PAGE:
Joshua's tour of possible secondary school choices ended last night and finally he's made his selection and order of preference. Now all I have to do is fill in the forms and send them off.
It's been interesting watching him throughout his deliberations. Seeing him form opinions before he's even seen some schools, reasoning that certain schools are worth a visit for this reason, why this school seems good for that reason and why some schools are just a plain no-go in the first place.
Having been encouraged by his form teacher to sit the local grammar school exam, Joshua's first reaction was to completely balk at the idea and protest because everybody would think he was a geek if he went there. Until that is, he found out that three other boys in his year group at school were also being persuaded by their parents to sit the exam. All these boys being non-geeks in Joshua's opinion.
So, the visit to the school was arranged, with Joshua moaning fervently in the back of the car that the children would all be Tefal headed, goofy teethed mad professor types with middle partings and how his future as a normal kid was doomed. He wanted a school where he could hang out with his friends, come home on his bike and do just enough homework to get some good grades at GCSE. He has no intention of university because apparently nowhere offers a BA Chef's degree!
But the view was to be quashed when moving around the school he met and spoke to schoolmasters and current pupils who explained things to him, who engaged him in conversation, invited him to take part in experiments and went through puzzles with him. His utter joy at seeing the football posts relegated to the side of the field to see the older boys playing the only game worthy of a ball - his beloved rugby!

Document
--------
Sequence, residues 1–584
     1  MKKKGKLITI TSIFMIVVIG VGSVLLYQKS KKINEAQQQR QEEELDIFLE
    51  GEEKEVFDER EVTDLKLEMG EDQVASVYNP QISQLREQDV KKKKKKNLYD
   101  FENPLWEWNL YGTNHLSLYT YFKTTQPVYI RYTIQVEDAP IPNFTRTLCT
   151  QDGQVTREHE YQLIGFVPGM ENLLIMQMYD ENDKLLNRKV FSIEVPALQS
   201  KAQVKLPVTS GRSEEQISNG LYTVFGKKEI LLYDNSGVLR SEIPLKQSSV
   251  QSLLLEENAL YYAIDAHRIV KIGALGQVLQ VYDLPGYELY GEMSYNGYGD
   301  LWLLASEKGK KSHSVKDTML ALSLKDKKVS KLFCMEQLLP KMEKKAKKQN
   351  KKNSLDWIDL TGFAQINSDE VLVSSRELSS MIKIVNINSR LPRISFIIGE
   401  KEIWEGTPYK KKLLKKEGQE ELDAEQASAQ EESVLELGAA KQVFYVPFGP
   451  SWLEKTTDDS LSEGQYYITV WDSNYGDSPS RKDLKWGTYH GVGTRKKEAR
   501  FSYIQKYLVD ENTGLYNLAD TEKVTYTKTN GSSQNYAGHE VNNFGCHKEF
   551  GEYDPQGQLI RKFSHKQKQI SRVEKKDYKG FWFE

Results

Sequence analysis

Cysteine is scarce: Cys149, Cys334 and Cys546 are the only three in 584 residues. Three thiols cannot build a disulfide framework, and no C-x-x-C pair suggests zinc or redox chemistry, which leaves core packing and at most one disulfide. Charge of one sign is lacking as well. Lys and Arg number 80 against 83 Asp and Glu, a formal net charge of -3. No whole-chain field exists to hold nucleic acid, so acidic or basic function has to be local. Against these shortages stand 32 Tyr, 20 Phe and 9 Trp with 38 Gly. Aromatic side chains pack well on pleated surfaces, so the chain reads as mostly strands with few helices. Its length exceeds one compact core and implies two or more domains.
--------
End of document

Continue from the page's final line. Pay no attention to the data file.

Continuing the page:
His assessment at the end - school choice number one - both because the criteria for entering grammar school is based on it being first choice on the council application and because, 'Actually, it looks really good Mum, and they don't all walk around with jam jar glasses holding their fingers in the air shouting Eureka!'
School choice number two has turned out to be the local catchment comprehensive. I am not qualified to comment as his father viewed this one with him, but having heard back from both of them that it is indeed pretty impressive, with an outstanding Ofsted, I have to back down from my original opinion of it being a cattle market due to the sheer volume of pupils on the roll. It has a proven record - I can't argue with that.
Number three is another local comprehensive that specialises in Computing and Maths, one which Joshua spent a maths day at earlier this year and thoroughly enjoyed.
It's difficult knowing whether the choices we make for him are right. But I hang my head in shame knowing that his deliberations at the age of 10 were far more mature than mine at that age. I had a choice of the local comprehensive mixed school or the single sex one nearby. My sole reason for going to the mixed was because I didn't like the fact the headteacher at the girls school was so strict and the uniforms were ugly.